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XXIII.

they are of the sky,
And from our earthly memory fade away."

THESE words were uttered in a pensive mood,
Mine eyes yet lingering on that solemn sight:
A contrast and reproach to gross delight,
And life's unspiritual pleasures daily wooed !
But now upon this thought I cannot brood;
It is unstable, and deserts me quite:
Nor will I praise a Cloud, however bright,
Disparaging Man's gifts, and proper food.
The Grove, the sky-built Temple, and the Dome,
Though clad in colours beautiful and pure,
Find in the heart of man no natural home :
The immortal Mind craves objects that enduro:
These cleave to it; from these it cannot roam,
Nor they from it: their fellowship is secure.

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DEGENERATE Douglas ! oh, the unworthy Lord !
Whom mere despite of heart could so far please,
And love of havoc (for with such disease
Fame taxes him) that he could send forth word
To level with the dust a noble horde,
A brotherhood of venerable Trees,
Leaving an ancient Dome, and Towers like these,
Beggared and outraged !- Many hearts deplored
The fate of those old Trees; and oft with pain
The Traveller, at this day, will stop and gaze
On wrongs, which Nature scarcely seems to heed:
For sheltered places, bosoms, nooks, and bays,
And the pure mountains, and the gentle Tweed,
And the green silent pastures, yet remain.

XXV.

TO THE LADY MARY LOW THER.

With a selection

from the Poems of Anne, Countess of Winchelsea ; and extracts of similar character from other writers; the whole transcribed by a female friend.

LADY! I rifled a Parnassian Cave
(But seldom trod) of mildly-gleaming ore ;
And culled, from sundry beds, a lucid store
Of genuine crystals, pure as those that pave
The azure brooks where Dian joys to lave
Her spotless limbs; and ventured to explore
Dim shades — for reliques, upon Lethe's shore,
Cast up at random by the sullen wave.
To female hands the treasures were resigned;
And lo this work!- a grotto bright and clear
From stain or taint; in which thy blameless mind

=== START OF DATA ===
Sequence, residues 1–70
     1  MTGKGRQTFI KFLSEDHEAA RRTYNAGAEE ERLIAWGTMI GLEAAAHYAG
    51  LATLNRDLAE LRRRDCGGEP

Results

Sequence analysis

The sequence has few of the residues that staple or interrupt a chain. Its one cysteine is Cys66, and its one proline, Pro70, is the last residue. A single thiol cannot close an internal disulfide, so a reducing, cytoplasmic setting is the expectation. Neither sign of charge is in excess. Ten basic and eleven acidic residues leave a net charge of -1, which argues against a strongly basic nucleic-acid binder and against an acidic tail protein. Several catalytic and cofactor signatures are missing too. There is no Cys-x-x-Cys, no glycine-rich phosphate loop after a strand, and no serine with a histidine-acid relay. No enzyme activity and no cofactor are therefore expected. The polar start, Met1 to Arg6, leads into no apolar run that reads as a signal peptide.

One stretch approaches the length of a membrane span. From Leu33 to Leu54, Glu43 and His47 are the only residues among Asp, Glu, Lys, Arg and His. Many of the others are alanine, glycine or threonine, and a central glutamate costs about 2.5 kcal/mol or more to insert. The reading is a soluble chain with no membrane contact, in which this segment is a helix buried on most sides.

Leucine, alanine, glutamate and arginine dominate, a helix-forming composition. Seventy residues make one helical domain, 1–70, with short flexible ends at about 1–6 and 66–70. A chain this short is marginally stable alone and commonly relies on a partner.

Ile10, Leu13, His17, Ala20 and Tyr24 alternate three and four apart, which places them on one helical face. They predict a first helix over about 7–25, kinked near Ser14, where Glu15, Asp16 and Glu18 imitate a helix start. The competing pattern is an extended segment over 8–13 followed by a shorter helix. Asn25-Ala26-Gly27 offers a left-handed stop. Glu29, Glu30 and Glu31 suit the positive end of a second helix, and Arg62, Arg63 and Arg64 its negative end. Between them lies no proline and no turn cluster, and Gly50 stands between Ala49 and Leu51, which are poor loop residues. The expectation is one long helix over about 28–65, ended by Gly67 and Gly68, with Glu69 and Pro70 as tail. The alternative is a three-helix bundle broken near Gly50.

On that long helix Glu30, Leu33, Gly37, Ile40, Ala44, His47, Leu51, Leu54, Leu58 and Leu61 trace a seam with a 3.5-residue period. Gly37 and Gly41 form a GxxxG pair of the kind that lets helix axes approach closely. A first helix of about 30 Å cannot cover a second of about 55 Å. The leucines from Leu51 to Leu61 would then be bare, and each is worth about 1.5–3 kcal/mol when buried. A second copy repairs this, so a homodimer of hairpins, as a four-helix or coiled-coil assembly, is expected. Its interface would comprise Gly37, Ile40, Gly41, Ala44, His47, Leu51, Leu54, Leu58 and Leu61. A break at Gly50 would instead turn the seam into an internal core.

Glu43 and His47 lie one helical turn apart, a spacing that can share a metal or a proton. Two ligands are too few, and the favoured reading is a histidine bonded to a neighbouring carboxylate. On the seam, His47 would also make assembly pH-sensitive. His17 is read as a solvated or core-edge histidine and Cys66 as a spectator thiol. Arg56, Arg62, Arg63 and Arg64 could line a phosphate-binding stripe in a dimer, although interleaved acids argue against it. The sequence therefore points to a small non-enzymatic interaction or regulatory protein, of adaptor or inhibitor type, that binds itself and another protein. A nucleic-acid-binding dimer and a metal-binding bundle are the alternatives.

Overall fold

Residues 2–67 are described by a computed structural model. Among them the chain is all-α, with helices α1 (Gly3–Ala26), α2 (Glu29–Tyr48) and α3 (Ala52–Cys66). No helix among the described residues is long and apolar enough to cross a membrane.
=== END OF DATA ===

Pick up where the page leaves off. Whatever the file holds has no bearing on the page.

May feed on thoughts though pensive not austere;
Or, if thy deeper spirit be inclined
To holy musing, it may enter here.

XXVI.

ON SEEING A TUFT OF SNOWDROPS IN A STORM.

WHEN haughty expectations prostrate lie,
And grandeur crouches like a guilty thing,
Oft shall the lowly weak, till nature bring
Mature release, in fair society
Survive, and Fortune's utmost anger try;
Like these frail snow-drops that together cling,
And nod their helmets smitten by the wing
Of many a furious whirlblast sweeping by.
Observe the faithful flowers ! if small to great
May lead the thoughts, thus struggling used to stand
The Emathian phalanx, nobly obstinate;
And so the bright immortal Theban band,
Whom onset, fiercely urged at Jove's command,
Might overwhelm, but could not separate !

XXVII.

FROM THE ITALIAN OF MICHAEL ANGELO.

Yes! hope may with my strong desire keep pace,
And I be undeluded, unbetrayed;
For if of our affections none find grace
In sight of Heaven, then, wherefore hath God made
The world which we inhabit? Better plea
Love cannot have, than that in loving thee
Glory to that eternal Peace is paid,
Who such Divinity to thee imparts
As hallows and makes pure all gentle hearts.
His hope is treacherous only whose loves dies
With beauty, which is varying every hour:
But, in chaste hearts uninfluenced by the power
Of outward change, there blooms a deathless flower,
That breathes on earth the air of paradise.

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